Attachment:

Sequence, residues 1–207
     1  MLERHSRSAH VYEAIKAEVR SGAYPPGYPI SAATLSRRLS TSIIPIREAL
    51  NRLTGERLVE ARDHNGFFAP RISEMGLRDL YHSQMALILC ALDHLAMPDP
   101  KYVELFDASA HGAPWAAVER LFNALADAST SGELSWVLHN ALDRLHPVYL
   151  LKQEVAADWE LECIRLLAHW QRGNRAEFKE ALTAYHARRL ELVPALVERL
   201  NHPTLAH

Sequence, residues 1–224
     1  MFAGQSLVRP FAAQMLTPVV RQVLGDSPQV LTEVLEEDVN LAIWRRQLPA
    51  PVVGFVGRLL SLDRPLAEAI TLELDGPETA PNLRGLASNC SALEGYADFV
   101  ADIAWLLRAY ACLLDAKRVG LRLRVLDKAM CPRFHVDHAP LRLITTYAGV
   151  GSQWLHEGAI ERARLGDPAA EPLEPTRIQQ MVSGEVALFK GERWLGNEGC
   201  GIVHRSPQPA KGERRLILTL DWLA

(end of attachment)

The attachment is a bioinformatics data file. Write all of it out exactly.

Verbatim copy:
Sequence, residues 1–207
     1  MLERHSRSAH VYEAIKAEVR SGAYPPGYPI SAATLSRRLS TSIIPIREAL
    51  NRLTGERLVE ARDHNGFFAP RISEMGLRDL YHSQMALILC ALDHLAMPDP
   101  KYVELFDASA HGAPWAAVER LFNALADAST SGELSWVLHN ALDRLHPVYL
   151  LKQEVAADWE LECIRLLAHW QRGNRAEFKE ALTAYHARRL ELVPALVERL
   201  NHPTLAH

Sequence, residues 1–224
     1  MFAGQSLVRP FAAQMLTPVV RQVLGDSPQV LTEVLEEDVN LAIWRRQLPA
    51  PVVGFVGRLL SLDRPLAEAI TLELDGPETA PNLRGLASNC SALEGYADFV
   101  ADIAWLLRAY ACLLDAKRVG LRLRVLDKAM CPRFHVDHAP LRLITTYAGV
   151  GSQWLHEGAI ERARLGDPAA EPLEPTRIQQ MVSGEVALFK GERWLGNEGC
   201  GIVHRSPQPA KGERRLILTL DWLA